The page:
One of the biggest misconceptions in making food choices is that all dietary fat is bad for you. There are two types of fat. Saturated fat is bad for you; but unsaturated fat is good for you. Knowing your fats—what are healthy fats—makes food choice easy.
UNSATURATED FATS: GOOD
Essential fats such as Omega 3 are found in nuts and seeds. The body does not produce these fats but they are essential to health. They can be found in good quantity in dark-fleshed fish, nuts (walnuts have the most alpha linolenic acid, an important Omega3 )and seeds (flaxseed, hempseed).
The healthiest type of fat, monounsaturated fat is actually beneficial fat. It promotes heart health and might help prevent cancer and a slew of other ailments. It’s best known for lowering “bad” LDL cholesterol levels without negatively affecting the “good,” artery-clearing HDL cholesterol. Avocado oil, canola oil, olive oil and peanut oil are rich in monounsaturated fat. Whatever fats you’re using now (other oils, butter, lard): switch over as much as you can to monounsaturated fat.
A moderately healthy fat, polyunsaturated fat lowers LDL cholesterol but also reduces levels of HDL cholesterol. Polyunsaturated fat is the predominant type of fat in corn oil, safflower oil and soybean oil, among other vegetable oils. If you use these oils, trade up to a monounsaturated fat.
Switch to monounsaturated fats: avocado oil,
canola oil, olive oil and peanut oil. Photo by
Zimmy Tews | BSP.
SATURATED FATS: BAD
This is unhealthy fat and should be consumed in moderation. The body converts it into artery-clogging cholesterol, which greases the path to heart disease. Saturated fat is mostly found in animal products and is solid at room temperature. It is the white fat you see along the edge or marbled throughout a piece of meat and is the fat in the skin of poultry. So when you look at that beautiful marbled steak, recall that beauty is more than just skin deep—in this case, it can go deep enough to kill you. Saturated fat is also in “healthy” animal products like milk (except for 0% fat milk) and foods made from milk (cheese, ice cream), as well as in tropical oils such as coconut oil. One should limit one’s intake of saturated fat from animal sources. Unfortunately, the American diet is full of it. The saturated fat from plant sources, such as coconut, are more benign.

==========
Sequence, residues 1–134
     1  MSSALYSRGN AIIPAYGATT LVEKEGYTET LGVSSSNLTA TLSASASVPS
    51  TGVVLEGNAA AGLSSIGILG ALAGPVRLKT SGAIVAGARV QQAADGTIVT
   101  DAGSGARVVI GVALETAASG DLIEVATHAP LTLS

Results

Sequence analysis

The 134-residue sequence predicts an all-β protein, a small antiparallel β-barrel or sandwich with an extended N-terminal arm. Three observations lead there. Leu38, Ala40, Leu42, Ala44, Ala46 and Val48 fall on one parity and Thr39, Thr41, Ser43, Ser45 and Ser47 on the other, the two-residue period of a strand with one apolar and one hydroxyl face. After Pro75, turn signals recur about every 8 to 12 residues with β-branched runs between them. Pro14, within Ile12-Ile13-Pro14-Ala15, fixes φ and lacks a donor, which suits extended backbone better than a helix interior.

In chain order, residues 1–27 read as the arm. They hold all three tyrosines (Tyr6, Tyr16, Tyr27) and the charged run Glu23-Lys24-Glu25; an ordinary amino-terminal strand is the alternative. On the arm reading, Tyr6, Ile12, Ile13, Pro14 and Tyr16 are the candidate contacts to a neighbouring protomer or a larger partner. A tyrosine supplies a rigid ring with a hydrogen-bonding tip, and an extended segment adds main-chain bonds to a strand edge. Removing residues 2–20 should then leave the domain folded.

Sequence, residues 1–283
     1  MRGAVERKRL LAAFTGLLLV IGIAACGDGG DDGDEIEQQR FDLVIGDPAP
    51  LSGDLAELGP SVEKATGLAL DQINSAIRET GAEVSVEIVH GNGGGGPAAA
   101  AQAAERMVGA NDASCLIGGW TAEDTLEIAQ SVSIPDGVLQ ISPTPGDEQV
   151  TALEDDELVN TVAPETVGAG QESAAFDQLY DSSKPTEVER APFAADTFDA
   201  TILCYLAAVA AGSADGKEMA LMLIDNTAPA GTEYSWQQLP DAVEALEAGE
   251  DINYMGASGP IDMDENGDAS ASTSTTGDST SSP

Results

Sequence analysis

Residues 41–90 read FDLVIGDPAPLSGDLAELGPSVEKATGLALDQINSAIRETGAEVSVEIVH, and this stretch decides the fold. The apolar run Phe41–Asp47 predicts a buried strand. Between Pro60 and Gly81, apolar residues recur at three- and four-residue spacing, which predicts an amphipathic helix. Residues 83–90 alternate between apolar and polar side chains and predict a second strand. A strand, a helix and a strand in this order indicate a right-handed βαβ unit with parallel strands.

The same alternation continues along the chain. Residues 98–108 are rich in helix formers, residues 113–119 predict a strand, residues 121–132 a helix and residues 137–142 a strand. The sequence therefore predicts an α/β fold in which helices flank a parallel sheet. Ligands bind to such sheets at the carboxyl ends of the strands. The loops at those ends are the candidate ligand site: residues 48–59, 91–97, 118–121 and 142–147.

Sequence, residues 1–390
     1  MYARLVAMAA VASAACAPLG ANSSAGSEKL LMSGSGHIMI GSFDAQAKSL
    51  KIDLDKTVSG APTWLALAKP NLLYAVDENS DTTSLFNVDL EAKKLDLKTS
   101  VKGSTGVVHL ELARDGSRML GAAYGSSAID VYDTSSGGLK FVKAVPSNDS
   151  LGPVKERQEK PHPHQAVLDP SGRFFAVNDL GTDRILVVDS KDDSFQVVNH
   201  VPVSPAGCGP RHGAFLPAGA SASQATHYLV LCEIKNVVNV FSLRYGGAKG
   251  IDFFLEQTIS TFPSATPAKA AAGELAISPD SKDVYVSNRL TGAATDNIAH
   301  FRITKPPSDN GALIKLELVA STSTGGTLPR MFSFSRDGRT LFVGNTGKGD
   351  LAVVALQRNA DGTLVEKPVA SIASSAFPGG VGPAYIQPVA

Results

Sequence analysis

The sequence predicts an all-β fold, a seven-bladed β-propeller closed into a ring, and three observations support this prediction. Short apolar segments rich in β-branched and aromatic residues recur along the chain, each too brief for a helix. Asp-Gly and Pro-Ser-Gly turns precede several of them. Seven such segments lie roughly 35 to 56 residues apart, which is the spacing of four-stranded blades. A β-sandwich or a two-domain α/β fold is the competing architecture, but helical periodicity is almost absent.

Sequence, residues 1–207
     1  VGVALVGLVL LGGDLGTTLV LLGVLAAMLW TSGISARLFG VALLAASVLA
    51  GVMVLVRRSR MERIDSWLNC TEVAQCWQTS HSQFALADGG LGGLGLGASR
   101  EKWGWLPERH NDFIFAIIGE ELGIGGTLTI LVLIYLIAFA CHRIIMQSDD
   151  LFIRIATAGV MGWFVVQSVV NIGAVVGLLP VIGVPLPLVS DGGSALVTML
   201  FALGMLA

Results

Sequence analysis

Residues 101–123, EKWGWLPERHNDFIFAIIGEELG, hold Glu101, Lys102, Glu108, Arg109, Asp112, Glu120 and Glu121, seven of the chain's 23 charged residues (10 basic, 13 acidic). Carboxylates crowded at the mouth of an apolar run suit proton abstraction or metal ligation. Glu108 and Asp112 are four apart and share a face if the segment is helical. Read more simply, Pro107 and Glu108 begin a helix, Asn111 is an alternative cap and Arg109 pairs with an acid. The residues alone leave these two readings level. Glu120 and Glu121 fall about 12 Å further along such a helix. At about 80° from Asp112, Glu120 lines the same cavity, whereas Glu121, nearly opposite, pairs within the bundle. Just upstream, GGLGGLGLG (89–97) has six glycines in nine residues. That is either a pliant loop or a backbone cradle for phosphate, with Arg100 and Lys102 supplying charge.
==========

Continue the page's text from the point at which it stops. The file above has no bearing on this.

Anything called “partially hydrogenated” is a trans fat.
The USDA enables manufacturers who use trans fats to label their products “0 trans fat” or “contains no trans fat” if the amount is up to .5% trans fat per serving. Focusing on the nutrition label does not give you the whole story. You need to read the label closely to ensure there are no partially hydrogenated fats.
Is there anyone who hasn’t heard that trans fat is the worst type of fat? A problem created by Big Manufacturing (and now being corrected by food manufacturers, in response to consumer demand and local government mandate), most trans fat is produced by forcing hydrogen into liquid polyunsaturated fat (the process is called hydrogenation). Margarine was traditionally made this way. The process gives the fats a longer shelf life and helps stabilize their flavors. When hydrogenated, the benign polyunsaturated fat is turned into trans fat, which is recognized by the body as a saturated fat. The body then converts the trans fat to cholesterol, which raises LDL levels and lowers HDL levels. What’s worse, researchers have discovered that unlike regular saturated fat, trans fat disrupts cell membranes, upsetting the flow of nutrients and waste products into and out of the cell, and may be linked to reduced immune function and possibly cancer. Trans fats do occur naturally in small amount in meat and dairy, but the primary source to worry about is in highly processed/artificial foods.
Your health goal should be to make dietary fat choices from the monounsaturated fat group (avocado oil, canola oil, olive oil and/or peanut oil).
Just be aware that fat calories add up quicker. Fat is very energy dense when compared to carbohydrate and protein. It contains more than twice the calories per gram (fat has 9 calories/gram, carbs and protein 4 calories/gram). Thus, if you consume the same amount (in weight) of fat as protein or carbs, your calorie intake will be more than doubled.
Here are guidelines from the Harvard School Of Public Health:
Your daily fat intake should be no more than 30% of your total calorie intake. Multiply the number of calories you consume by .3 to find the number of fat calories you consume.
For a 2,000 calorie/day diet, 2,000 x .3 = 600 calories from fat. At about 100 calories/tablespoon, this equals 6 tablespoons of fat. As a perspective, a stick of butter contains 8 tablespoons.
To calculate by grams, 600 divided by 9 = 66 grams of fat. Since fat contains 9 calories per gram, on a 2,000-calorie diet you should take in no more than 66 grams of fat per day.
10% Saturated Fat: 200 calories/22g (bad news: one Big Mac has about 45g saturated fat)
20% Unsaturated Fat: 400 calories/44g
Of the 30% of your daily calories that come from fat, no more than 10% should come from saturated fats. Thus, on the 2,000-calorie diet, consume no more than :
It’s pretty easy math; and it puts you on the road to enjoying healthy, good-for-you fats.